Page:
Thursday, February 02, 2012

SMBC: People are Citizens on the Internet Too 



By Blogger W.LindsayWheeler, at Sat Feb 04, 09:18:00 AM:

Piracy is not to be condoned. I find it real strange how leftists protray this as something evil, when the government has the authority to stop piracy of intellectual and proprietory materials.

Why shouldn't websites be shut down who offer pirated material and seek to escape royalties?

What is going on is a smokescreen. This has nothing to do with being a citizen. What "citizen" pirates stuff?

If I can't buy the software---I don't use it. Why is this so hard for much of the other population? Just because one is "rich" or "poor", the rich saying, I'm above the law, I don't have to follow the law and the poor saying, I can't afford it so I am able to pirate it.

Just more lawlessness.  

By Anonymous Cass, at Sat Feb 04, 10:04:00 AM:

"The shop next door said your products are similar to theirs".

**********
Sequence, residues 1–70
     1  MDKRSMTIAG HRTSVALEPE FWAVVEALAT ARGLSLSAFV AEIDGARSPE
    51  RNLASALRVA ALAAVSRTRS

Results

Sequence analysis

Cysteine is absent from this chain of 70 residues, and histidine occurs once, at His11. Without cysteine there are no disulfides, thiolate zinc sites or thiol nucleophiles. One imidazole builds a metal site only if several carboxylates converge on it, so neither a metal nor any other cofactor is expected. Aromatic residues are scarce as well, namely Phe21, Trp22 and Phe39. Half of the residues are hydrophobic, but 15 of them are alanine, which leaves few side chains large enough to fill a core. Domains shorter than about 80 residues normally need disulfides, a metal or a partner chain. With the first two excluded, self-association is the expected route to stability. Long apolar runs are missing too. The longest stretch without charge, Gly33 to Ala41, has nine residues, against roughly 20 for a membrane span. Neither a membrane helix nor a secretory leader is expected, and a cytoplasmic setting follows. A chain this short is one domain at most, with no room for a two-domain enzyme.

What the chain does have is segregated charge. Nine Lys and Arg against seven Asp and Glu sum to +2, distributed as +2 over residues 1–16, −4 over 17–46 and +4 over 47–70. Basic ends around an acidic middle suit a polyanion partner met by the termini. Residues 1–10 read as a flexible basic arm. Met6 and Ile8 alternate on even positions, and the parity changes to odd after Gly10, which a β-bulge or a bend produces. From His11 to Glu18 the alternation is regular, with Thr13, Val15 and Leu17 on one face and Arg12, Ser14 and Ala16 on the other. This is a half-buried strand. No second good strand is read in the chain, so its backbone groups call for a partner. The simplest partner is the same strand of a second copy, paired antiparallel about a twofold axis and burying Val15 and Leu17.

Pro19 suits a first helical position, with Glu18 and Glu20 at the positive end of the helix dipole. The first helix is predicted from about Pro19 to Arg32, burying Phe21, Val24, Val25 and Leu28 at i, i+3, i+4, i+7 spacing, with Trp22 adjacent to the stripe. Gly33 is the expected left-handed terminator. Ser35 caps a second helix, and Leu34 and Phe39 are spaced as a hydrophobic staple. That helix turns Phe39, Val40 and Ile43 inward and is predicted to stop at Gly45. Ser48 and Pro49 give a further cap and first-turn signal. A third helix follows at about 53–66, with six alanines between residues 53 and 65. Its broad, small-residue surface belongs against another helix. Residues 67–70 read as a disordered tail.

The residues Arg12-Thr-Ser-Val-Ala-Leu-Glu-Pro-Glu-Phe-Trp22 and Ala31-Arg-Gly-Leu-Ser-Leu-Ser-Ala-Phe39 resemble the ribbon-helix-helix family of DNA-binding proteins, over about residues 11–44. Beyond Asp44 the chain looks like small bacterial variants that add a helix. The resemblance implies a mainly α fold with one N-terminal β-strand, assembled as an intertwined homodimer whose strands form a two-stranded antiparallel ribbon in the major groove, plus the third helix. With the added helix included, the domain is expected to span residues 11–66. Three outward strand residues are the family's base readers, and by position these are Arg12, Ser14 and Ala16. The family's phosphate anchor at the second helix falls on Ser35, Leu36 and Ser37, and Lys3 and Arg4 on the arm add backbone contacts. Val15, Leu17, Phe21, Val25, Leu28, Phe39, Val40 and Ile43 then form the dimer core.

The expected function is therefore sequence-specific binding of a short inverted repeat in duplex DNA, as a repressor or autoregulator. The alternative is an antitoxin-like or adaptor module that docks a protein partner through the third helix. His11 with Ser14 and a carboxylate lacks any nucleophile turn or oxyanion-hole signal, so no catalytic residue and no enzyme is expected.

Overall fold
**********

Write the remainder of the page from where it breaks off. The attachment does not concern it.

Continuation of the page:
Try, "The shop next door said you are storing stolen property - that belongs to them."

Or perhaps even better,

"Your storage facility is being used - not just once or twice, but frequently - to store stolen property."

And then ask yourself what the police would do in the real world?

It's a clever cartoon, but dishonestly (or, to be as generous as possible) sloppily framing the issue only undermines the case.

If the point of the cartoon is to ask, "What would happen in the real world?" and "Why should the Internet be different"?, then it's pretty important to make sure the real world scenario accurately reflects the problem of internet piracy.

Good thought experiment, though.  

By Blogger Aegon01, at Sat Feb 04, 12:52:00 PM:

Technically, it's replicated property. The original is still there. But yes, it was probably taken without permission.

Anyway, what about the other two things?  

By Anonymous feeblemind, at Mon Feb 06, 12:55:00 PM:

This was a good post Aegon.

The issue in the cartoon is shutting down QUESTIONABLE sites, not piracy per se.

That gives the controller a very wide latitude in deciding whom to close down.

The bottom line is that the creeping totalitarianism in this country has become a juggernaut. It is not just the internet, it is systemic throughout society.

Based on our history,I see ways to slow it's advance but I see no way to stop it over the long term.

Our electorate has been too eager to trade freedom for rules and regulations and now the rule making has taken on a life of its own.

I despair.  

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